It has been almost two years now since my daughter was diagnosed. It's amazing how much progress she has made. She is actually a different child. We do go through our weeks of regression sometimes however. Whenever there is a break of pattern ... a change in schedule, etc., ... it sets her back a step, and we have to work through it. Sometimes I think, "Oh my goodness, everyone was wrong ... she is perfectly fine!" Then I am reminded shortly thereafter that she is so different than her neuro-typical counterparts. My heart sinks, but I need to keep going forward. This is my reality. It is her reality. And it is a reality that several parents have to face. To talk about my daughter Catalina is actually very difficult for me. I do it to raise awareness of a situation about which I myself was ignorant. Dr. Aronson-Ramos, who is well known in her field, calls my daughter "the poster child of early and aggressive intervention." I could not agree more. There are so many children out there who have a serious problem, but their parents do not want to accept it and are in denial. I see it every day, even amongst my own patients. They believe their child will just grow out of it, and that's what I thought too, for a while. For many of those children, by the time something is actually done, it is too late. Studies show that early intervention is the key in trying to give your child the most "normal" life possible. There is help out there even for families who cannot afford private therapy. Early Steps, Florida's early intervention program, is an unbelievable resource available to all families in need of support. Had I not pulled myself together and been aggressive in getting the help Catalina most desperately needed, I am still scared to even imagine how she would be today. My daughter is bright and beautiful and the light of my life. And she is Autistic.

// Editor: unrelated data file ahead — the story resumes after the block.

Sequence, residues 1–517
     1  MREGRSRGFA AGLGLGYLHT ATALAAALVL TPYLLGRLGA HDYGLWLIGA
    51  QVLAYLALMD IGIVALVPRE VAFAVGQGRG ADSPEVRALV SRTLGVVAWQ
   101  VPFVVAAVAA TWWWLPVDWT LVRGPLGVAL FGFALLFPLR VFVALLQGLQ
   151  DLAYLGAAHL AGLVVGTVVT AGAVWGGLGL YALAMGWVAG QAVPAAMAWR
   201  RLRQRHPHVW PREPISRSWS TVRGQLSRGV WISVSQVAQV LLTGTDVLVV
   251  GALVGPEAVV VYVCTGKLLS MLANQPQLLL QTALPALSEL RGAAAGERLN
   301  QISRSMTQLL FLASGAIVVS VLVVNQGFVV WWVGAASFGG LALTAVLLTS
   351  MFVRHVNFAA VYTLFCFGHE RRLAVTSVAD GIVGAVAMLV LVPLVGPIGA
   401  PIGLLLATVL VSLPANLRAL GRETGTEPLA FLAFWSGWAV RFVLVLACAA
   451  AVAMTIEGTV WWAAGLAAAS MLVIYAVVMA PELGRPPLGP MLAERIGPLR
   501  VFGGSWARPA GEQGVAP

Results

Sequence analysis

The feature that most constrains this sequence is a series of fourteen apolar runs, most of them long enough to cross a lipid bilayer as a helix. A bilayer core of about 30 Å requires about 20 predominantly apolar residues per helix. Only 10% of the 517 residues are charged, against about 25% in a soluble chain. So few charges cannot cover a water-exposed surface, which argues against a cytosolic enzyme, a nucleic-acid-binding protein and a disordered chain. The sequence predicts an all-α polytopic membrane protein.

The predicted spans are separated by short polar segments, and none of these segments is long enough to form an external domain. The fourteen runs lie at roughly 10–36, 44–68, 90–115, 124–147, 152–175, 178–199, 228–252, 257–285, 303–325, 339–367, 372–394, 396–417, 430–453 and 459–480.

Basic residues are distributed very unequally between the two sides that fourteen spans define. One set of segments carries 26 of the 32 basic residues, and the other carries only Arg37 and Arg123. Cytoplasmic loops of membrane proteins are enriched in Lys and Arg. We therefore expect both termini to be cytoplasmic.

Dr. Isabel Villica˜a, DMD is the owner of Parkland Family Dentistry in Parkland.